Ahead of International Women’s Day on the 8th March, O2 is sharing new research revealing how women have been impacted by challenges raised by Coronavirus. As insights show how employees are feeling a year on from the outbreak of the pandemic, O2 is calling on employers to ramp up their focus on wellbeing and take action to ensure women thrive in the post-pandemic workplace.
The findings from YouGov reveal that female employees are wary of “burn-out”, with 41% citing it as a professional concern over the next one to three years. This comes as women face a number of unrelenting pressures and concerns – from Covid to caring pressures — which will have intensified this year. Additional household responsibilities are also a point of contention, with a quarter (24%) of those surveyed stating that women are taking on more than men in their households.
Whilst people’s experiences will vary, stress and coping with additional care and family responsibilities have contributed to employees needing to take reduced hours, with 18% of women and 14% of men taking reduced hours at points since the outbreak of the pandemic. The long-term impact of this looks set to differ due to gender, with only 16% of women feeling ‘very likely’ to return to full hours within the next two years, compared to over half (51%) of men.
Workplaces do appear to be stepping up to provide vital support, with over two-thirds (64%) of women feeling well supported when it comes to flexible working, and just under half (46%) feeling well provided for when it comes to mental health and wellbeing provision. O2 itself has long standing flexible working policies, with employees encouraged to speak openly to work through flexible solutions that fit individual needs based on their role, with openness and trust between manager and employees. Additionally, O2’s strong family leave and care leave policies are designed to empower parents, adopters, and carers to establish set-ups that provide them with the flexibility and time they need personally in order to balance work and home life commitments.
When it comes to broader workplace-wide issues, almost a fifth of women (19%) were concerned about gender pay gap widening, compared to just 3% of men, showing there is still work to be done to engage a greater sense of allyship around the conversations and actions needed to ensure gender equality in the workplace.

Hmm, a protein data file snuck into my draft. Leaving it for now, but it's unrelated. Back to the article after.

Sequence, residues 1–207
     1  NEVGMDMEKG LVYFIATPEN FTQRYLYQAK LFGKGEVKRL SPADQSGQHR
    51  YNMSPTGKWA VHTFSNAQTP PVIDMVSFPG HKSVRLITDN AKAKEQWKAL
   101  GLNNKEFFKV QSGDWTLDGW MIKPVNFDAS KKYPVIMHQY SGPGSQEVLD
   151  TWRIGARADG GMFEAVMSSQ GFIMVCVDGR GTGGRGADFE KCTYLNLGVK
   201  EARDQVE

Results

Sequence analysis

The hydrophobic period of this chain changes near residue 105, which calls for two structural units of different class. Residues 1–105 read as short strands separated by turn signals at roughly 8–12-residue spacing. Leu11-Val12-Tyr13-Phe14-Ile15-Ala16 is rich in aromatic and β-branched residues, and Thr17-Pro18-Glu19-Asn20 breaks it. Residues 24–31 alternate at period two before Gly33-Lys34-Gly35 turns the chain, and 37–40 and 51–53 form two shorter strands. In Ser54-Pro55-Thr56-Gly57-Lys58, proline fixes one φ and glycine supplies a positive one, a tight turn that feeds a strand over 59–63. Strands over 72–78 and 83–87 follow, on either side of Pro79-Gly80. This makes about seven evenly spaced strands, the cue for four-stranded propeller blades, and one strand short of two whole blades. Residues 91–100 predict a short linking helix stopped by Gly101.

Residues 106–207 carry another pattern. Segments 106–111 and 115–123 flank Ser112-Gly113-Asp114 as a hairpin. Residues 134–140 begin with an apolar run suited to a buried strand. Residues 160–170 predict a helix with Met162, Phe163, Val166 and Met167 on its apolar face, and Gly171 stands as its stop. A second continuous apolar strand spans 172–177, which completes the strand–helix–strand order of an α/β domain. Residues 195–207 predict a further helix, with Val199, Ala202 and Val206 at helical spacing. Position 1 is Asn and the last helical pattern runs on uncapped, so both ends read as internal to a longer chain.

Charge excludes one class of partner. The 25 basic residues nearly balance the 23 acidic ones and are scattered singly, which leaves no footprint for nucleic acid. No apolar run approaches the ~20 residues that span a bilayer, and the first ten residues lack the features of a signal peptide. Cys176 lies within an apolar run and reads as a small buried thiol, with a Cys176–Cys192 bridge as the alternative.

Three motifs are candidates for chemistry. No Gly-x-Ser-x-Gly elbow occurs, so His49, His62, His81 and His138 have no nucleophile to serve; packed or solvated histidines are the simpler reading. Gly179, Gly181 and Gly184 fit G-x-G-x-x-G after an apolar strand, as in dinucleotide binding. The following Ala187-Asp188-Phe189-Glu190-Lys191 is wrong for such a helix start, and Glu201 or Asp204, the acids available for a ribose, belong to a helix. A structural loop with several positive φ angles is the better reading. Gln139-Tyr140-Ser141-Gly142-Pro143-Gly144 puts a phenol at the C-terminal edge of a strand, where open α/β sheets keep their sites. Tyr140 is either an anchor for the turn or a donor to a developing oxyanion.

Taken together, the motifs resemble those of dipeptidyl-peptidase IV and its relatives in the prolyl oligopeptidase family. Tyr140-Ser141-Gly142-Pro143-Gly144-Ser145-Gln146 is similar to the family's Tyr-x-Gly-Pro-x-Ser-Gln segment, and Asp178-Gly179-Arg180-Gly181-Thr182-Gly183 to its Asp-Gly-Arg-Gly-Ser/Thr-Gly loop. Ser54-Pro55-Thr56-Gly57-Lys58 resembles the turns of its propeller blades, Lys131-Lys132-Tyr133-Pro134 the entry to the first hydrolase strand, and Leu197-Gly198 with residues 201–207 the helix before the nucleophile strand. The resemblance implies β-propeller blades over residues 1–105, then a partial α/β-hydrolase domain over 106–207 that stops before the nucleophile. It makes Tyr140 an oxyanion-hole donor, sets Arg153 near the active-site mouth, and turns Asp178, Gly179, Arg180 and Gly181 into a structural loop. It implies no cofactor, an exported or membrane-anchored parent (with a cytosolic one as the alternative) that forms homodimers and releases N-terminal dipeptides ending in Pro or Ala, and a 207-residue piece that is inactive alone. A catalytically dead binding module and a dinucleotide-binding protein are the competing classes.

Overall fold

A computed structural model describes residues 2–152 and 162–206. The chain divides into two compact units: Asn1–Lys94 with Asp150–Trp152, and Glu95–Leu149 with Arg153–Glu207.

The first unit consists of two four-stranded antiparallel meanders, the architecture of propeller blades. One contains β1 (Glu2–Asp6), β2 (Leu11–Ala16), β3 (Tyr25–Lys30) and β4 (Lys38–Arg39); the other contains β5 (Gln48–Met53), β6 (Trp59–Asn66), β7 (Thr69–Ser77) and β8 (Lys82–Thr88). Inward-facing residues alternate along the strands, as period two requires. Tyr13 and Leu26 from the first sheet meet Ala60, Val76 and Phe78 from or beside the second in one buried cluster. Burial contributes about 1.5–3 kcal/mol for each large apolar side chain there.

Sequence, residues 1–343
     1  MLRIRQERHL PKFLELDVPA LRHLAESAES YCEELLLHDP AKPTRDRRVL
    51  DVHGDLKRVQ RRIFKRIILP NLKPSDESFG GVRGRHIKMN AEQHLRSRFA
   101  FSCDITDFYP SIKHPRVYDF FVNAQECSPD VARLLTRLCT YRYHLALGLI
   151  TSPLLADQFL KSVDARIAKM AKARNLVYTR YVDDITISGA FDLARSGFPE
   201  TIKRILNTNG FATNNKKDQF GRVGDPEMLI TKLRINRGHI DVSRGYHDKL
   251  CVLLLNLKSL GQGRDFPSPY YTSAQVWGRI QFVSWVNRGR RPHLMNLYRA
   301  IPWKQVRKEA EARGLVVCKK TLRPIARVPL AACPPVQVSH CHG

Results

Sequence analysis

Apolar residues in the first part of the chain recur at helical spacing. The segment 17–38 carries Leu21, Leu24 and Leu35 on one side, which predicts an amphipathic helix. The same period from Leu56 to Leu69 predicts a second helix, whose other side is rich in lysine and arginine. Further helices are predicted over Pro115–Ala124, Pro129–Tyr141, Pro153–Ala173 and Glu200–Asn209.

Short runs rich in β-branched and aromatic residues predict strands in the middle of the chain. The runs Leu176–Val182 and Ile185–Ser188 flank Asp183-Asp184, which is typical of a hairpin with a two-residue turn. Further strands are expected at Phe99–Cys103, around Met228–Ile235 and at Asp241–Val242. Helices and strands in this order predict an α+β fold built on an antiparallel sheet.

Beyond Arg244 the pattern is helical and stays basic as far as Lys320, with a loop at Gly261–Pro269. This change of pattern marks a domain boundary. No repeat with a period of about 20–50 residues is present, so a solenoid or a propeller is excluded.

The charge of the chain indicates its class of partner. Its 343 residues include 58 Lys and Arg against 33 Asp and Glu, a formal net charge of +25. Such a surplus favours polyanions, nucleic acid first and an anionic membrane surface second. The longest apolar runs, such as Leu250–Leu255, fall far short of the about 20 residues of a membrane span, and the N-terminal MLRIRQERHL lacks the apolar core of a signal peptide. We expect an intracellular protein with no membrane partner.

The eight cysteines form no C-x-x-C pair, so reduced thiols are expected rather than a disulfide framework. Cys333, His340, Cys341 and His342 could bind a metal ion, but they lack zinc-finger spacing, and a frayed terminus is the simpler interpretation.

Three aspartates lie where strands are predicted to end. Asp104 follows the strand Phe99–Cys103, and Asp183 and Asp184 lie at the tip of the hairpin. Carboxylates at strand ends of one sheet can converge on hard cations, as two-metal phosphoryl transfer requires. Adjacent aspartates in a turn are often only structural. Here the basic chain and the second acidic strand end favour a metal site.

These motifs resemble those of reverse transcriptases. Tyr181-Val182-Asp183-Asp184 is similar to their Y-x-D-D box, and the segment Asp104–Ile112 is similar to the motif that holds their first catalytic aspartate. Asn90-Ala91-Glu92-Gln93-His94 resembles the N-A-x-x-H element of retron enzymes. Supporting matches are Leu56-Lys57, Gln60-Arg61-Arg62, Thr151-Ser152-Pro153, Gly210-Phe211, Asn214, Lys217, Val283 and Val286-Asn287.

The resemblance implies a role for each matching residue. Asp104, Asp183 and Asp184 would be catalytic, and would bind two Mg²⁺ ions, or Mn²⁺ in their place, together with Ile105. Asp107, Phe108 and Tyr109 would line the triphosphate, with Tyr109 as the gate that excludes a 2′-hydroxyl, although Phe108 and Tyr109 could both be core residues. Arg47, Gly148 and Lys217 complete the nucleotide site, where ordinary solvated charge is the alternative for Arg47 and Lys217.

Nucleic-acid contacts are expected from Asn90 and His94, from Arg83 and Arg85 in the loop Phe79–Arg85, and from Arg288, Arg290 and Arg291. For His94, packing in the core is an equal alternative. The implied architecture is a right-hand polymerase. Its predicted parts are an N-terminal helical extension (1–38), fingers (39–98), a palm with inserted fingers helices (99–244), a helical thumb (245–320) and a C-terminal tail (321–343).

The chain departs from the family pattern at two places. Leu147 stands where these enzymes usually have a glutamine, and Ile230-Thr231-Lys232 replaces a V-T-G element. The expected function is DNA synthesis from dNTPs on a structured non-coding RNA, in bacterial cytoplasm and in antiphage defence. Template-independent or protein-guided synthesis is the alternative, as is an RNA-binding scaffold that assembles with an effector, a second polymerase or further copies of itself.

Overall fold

Catherine Leaver, O2’s HR Director, said: “Moments like International Women’s Day are important to take stock and reflect on progress – but more importantly to take action. The pandemic has clearly created additional pressures and challenges, disproportionately affecting women as well as ethnic minorities and those under 30. It’s vital as HR leaders that we look at what can be done to accelerate women’s success and wellbeing in the workplace moving forwards.
“At O2 we have a strong heritage in this space, for many years we’ve strived to create equity for women and we are proud to have a culture of trust, flexible working and transparent family policies. This is something our people tell us they really value. We remain committed and will take learnings from the last 12 months to continue to refine our actions, and I’m heartened to see that other employers are also embracing flexible working models and providing that support to ensure women across our organisations, and society at large, thrive.”
Clare Bliss, co-chair of the O2 Women’s Network, said: “As a network, we champion what our members feel is most important to them, and we’re incredibly proud to be hosting a series of important discussions and training sessions this week. These research findings highlight a number of important challenges facing women in the modern workplace, from burn-out culture to the ensuring work life balance, and we know that coming together to talk through these issues is often the best way to surface solutions and take action. We hope to continue to open up conversations about how women in particular have found this particularly challenging year, and what more can be done to support self-defining women in our business and beyond.”
Vanessa Kilburn, co-chair of the O2 Women’s Network, said: “This year’s International Women’s Day theme is “Choose to Challenge” – an incredibly important reminder for us all to continue collectively championing women’s rights in the workplace and beyond, and call out gender bias and inequality when we see it. Crucially we all have a role to play in that, regardless of our gender, which is why this year we’re also looking at how men can be strong allies in this space and can help tackle some of the issues highlighted by this research, which also impact men.”
Raising the profile of these issues internally, O2’s Women’s Network is hosting a panel discussion for employees this International Women’s Day Panel, with HR Director Catherine Leaver welcoming special guests Harriet Minter and Carina White to explore how we can all choose to challenge and call out gender bias and inequality where we see it. The Women’s Network is also running a series of training sessions open to all colleagues at O2, designed to help people have conversations about gender equality in the workplace so people have practical takeaways.
This week of International Women’s Day activity is part of O2’s ongoing support and championing of gender equality, both in the workplace and beyond. At the end of last year, O2 pledged to equally fund men’s and women’s England Rugby as part of the renewal of its sponsorship partnership. O2 and the RFU have the collective ambition to grow both the profile of the Red Roses and increase attendance at future games.
Notes to Eds
All figures, unless otherwise stated, are from YouGov Plc. Total sample size was 1012 employees. Fieldwork was undertaken between 25th February – 3rd March 2021. The survey was carried out online. The figures have been weighted and are representative of British business size.